At a time when the farmers and the Centre are locked in an impasse over the three laws, intellectuals are also lending support to farmers, in their own way. Punjab Agricultural University (PAU) principal soil chemist Varinderpal Singh has objected to the varsity, sending an email to teachers to attend a programme, online, of Prime Minister Narendra Modi on December 25. Modi was to address farmers and transfer money into their accounts. The varsity, incidentally, has been opposing the laws.
After refusing to receive a national award in Delhi earlier this month to express solidarity with the protesting farmers, he has now written an open letter to university vice-chancellor Baldev Singh Dhillon.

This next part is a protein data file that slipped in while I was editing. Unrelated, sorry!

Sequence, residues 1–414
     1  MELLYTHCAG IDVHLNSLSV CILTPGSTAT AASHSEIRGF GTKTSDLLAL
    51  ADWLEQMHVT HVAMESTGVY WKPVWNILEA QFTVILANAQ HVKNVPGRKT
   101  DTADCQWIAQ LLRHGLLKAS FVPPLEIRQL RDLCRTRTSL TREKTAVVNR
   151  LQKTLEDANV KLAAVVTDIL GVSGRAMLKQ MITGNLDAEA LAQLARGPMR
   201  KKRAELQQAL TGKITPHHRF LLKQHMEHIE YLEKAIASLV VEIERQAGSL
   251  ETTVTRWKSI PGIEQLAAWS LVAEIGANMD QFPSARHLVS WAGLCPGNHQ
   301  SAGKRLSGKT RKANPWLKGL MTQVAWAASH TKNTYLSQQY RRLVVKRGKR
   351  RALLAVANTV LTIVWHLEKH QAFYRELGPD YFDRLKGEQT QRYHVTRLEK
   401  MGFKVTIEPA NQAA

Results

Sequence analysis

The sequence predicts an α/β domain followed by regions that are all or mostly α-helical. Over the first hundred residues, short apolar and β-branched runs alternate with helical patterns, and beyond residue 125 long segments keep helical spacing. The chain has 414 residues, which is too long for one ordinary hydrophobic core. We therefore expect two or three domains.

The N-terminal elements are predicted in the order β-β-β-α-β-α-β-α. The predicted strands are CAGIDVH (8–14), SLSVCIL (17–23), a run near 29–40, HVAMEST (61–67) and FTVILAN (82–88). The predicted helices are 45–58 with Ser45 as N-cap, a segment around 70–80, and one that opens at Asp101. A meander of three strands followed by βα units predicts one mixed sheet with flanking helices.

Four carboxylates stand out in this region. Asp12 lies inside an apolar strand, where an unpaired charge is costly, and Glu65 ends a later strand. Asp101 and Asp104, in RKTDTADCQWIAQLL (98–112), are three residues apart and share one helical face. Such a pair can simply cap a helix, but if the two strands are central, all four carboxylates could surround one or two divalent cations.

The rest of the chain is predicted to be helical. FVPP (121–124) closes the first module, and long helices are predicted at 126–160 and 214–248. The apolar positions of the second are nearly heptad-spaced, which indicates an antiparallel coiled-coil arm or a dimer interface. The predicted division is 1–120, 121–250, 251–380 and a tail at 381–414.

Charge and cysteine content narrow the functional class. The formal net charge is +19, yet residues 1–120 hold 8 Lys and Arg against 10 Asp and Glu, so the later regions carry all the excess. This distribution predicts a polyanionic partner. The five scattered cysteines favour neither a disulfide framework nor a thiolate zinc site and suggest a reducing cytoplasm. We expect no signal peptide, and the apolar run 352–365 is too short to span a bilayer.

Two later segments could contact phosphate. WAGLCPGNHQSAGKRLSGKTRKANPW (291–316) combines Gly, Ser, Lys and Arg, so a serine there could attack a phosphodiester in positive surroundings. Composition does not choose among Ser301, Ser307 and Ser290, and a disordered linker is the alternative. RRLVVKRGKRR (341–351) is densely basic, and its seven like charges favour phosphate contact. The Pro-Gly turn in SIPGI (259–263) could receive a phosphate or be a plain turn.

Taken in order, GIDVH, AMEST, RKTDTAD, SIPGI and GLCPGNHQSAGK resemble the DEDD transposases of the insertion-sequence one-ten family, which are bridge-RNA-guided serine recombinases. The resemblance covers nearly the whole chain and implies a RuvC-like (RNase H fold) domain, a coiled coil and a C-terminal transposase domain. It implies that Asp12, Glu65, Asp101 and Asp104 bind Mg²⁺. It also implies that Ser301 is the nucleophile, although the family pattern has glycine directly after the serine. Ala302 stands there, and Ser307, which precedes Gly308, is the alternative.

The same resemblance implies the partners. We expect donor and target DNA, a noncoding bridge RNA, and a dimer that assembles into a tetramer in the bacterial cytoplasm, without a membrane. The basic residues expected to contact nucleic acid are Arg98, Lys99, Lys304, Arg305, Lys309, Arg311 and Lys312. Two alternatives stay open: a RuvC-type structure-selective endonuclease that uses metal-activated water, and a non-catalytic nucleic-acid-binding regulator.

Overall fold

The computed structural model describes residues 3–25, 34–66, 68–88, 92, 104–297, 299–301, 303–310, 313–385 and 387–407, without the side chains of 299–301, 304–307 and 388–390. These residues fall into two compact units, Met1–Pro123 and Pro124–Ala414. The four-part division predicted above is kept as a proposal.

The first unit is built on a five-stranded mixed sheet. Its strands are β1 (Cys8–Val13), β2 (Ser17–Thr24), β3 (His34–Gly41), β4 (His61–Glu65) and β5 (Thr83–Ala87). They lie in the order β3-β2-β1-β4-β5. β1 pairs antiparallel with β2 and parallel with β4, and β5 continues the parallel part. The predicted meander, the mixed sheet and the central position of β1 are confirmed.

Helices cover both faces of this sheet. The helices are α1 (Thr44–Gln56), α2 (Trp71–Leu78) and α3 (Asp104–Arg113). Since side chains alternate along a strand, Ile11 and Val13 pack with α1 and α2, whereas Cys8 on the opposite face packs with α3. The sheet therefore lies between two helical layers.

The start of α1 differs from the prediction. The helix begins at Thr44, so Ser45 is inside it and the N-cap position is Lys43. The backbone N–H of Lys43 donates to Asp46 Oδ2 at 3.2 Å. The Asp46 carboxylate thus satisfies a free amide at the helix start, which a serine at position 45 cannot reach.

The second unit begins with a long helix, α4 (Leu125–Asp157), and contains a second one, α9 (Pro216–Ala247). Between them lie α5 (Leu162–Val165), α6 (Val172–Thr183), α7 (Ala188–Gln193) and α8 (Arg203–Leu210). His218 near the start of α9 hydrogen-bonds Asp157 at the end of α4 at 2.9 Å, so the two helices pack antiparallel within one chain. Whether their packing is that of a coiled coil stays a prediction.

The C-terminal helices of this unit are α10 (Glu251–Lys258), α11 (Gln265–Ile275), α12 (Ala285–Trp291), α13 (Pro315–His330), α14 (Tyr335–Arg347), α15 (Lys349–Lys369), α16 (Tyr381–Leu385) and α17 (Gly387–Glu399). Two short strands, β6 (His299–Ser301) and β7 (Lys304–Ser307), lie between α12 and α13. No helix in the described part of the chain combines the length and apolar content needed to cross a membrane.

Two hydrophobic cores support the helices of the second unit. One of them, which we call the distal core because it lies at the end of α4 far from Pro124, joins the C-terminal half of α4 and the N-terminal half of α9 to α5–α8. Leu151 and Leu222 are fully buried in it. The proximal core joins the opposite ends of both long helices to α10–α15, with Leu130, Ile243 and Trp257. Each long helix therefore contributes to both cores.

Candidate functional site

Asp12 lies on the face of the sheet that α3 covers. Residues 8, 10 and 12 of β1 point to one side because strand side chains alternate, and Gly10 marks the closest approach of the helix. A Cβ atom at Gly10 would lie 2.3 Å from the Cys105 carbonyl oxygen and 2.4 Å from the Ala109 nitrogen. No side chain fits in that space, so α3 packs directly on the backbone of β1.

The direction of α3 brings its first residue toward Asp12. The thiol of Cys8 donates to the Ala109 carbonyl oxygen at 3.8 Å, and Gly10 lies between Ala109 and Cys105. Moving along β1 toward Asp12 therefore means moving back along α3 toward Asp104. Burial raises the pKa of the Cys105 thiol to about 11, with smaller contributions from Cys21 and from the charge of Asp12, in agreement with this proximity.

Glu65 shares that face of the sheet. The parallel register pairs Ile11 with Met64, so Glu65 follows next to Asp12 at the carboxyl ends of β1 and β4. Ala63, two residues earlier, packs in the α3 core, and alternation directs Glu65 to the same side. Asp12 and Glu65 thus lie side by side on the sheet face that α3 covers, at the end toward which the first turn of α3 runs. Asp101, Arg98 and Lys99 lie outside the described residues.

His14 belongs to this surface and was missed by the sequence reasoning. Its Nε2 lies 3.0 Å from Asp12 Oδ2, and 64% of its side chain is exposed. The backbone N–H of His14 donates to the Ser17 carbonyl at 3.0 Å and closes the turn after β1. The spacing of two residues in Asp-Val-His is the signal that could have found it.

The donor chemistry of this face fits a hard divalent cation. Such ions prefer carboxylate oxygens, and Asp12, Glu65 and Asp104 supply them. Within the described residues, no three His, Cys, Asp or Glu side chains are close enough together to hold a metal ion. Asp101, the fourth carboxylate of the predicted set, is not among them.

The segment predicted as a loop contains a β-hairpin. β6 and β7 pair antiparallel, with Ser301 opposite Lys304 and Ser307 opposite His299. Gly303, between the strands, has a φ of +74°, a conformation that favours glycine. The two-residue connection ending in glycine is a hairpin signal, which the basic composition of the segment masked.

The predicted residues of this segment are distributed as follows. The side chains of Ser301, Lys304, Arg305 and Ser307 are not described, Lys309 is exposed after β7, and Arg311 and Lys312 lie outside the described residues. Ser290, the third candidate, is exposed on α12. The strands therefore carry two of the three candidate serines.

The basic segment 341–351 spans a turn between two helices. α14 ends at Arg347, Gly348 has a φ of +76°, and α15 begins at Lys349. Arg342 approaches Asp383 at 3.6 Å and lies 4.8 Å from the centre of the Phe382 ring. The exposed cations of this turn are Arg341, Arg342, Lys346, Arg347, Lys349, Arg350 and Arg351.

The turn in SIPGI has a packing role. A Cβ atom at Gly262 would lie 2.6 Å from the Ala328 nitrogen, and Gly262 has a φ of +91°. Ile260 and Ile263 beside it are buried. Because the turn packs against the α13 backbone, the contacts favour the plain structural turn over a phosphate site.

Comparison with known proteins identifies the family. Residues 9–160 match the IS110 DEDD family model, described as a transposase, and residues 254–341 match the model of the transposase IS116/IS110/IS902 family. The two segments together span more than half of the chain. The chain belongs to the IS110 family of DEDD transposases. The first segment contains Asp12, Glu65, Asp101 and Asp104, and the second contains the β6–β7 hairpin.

“Maximum registrations should also be organised at campuses of all universities/institutes/KVKs inviting farmers, scientists, students and other stakeholders. Viewing of the program telecast/webcast should be arranged. This should be considered as top priority and a report should be compiled,” the email that Trilochan Mohapatra, director general, Indian Council for Agricultural Research (ICAR), sent reads. Each individual had to click to the link with the mail,
Varinderpal said, “It is perhaps for the first time that attendance of students was made mandatory and even a report was compiled on this. The entire exercise has made my head hang in shame. Instead of listening to the lecture, as mute spectators authorities are duty-bound to highlight the flaws in the new laws.”
Varinderpal had refused an award that comprised Rs 2 lakh, a gold medal, and a citation. The video of his refusing to accept the award had gone viral. A few days later, the PAU V-C had submitted a report compiled by the economics department to the Punjab government, highlighting flaws in three farm laws. PAU additional director, communication, TS Riar said forwarding such communications on email was a routine matter.
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